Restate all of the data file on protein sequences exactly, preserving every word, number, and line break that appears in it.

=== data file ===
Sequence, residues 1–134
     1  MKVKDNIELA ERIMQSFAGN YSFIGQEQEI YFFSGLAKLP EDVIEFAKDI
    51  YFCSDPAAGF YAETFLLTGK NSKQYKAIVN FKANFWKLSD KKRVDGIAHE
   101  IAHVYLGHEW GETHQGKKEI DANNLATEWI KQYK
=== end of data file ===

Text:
Sequence, residues 1–134
     1  MKVKDNIELA ERIMQSFAGN YSFIGQEQEI YFFSGLAKLP EDVIEFAKDI
    51  YFCSDPAAGF YAETFLLTGK NSKQYKAIVN FKANFWKLSD KKRVDGIAHE
   101  IAHVYLGHEW GETHQGKKEI DANNLATEWI KQYK